I really think we should switch. I believe it would help visitors understand the fundamental difference between the two regions...
The discussions are spread all over the place at this point, but Talk:Southwest (United States of America)#Texas & Colorado has a similar discussion. A continual problem we have is that places simply don't fall into nice regions, and whether it's deciding whether how to divide up the USA, California, or San Francisco it takes a LONG time to come to any decision, and even after a decision is made there are always good arguments for other breakdowns. In the case of US regions the preference has been that regions should split along state borders. That means that for states like Idaho, Texas, Colorado, West Virginia and others there may be more than one region that is suitable, and we have to pick one. Idaho probably could have gone either way (as you've pointed out), but in the end people felt most comfortable describing it as a mountain state. Arguments for change are welcome, but hopefully this discussion at least gives some background as to why things are currently like they are. -- Ryan • (talk) • 02:35, 24 July 2007 (EDT)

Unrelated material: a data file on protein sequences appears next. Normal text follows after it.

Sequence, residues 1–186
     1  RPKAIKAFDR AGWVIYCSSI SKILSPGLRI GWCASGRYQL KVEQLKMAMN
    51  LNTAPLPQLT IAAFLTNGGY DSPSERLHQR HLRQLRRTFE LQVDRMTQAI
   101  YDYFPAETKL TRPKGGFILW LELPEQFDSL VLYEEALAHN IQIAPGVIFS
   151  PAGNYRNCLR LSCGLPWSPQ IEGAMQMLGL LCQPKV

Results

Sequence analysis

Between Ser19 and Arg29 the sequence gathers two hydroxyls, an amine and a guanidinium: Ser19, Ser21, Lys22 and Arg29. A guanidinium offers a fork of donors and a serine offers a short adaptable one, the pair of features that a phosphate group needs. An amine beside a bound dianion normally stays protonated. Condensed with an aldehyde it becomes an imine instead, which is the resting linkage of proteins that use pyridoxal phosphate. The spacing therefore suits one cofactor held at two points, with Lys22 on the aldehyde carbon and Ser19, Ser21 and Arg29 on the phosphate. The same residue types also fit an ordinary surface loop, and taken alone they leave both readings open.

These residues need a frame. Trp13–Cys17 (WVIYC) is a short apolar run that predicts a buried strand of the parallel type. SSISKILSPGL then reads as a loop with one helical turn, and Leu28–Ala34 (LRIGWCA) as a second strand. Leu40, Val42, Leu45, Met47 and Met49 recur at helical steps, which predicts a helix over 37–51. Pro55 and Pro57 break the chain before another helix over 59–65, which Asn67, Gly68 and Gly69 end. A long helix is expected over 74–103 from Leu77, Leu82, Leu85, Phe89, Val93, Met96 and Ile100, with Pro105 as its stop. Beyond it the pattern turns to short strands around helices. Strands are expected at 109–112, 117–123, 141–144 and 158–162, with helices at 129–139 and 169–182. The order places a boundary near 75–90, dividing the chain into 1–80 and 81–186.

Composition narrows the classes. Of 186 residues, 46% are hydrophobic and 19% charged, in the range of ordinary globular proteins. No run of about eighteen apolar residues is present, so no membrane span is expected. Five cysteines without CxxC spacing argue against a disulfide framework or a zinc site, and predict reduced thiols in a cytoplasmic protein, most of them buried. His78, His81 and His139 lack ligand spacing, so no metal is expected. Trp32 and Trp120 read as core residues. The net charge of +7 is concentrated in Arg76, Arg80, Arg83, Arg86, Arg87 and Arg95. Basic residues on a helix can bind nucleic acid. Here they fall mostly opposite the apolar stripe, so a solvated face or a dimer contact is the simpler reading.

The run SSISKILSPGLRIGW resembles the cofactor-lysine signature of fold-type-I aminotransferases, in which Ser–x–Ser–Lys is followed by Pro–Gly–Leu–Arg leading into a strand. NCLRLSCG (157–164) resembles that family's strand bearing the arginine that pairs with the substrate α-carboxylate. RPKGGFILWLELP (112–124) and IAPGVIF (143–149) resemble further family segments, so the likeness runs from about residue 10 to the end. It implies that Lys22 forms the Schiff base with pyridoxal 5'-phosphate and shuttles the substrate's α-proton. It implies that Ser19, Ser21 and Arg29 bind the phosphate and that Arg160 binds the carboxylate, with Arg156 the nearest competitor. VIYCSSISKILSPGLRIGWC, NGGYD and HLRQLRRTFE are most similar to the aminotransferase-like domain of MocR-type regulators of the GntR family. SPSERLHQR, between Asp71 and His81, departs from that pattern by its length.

Certainly. I completely agree that Idaho could have gone either way, and I suggesting that it does. Splitting it along the time zone change line seems logical to me, but I do understand that others might have the same differing opinions. What process would I have to go through to get it changed, some sort of vote, I assume? L'Aquatique 20:00, 26 July 2007 (EDT)
First a warning: the US regions have been fairly well established for a long time, so it will probably be an uphill battle to change them, and it may take a long time for a consensus to build to change the status quo (see Wikitravel:Consensus). Given that warning, you might want to ask people to add to this discussion by requesting feedback on Talk:United States of America or in the Wikitravel:Travelers' pub. Personally, despite having visited on a few occasions I don't know enough about Idaho to say whether it's more appropriate as part of the Rocky Mountains or Pacific Northwest, but I'd oppose splitting either region except on a state border as I'm not sure there's enough of a benefit to doing so and it would open a can of worms with regards to other states. If there is enough support for moving it to the Pacific Northwest that seems more reasonable. Anyhow, that's my two cents. -- Ryan • (talk) • 22:14, 26 July 2007 (EDT)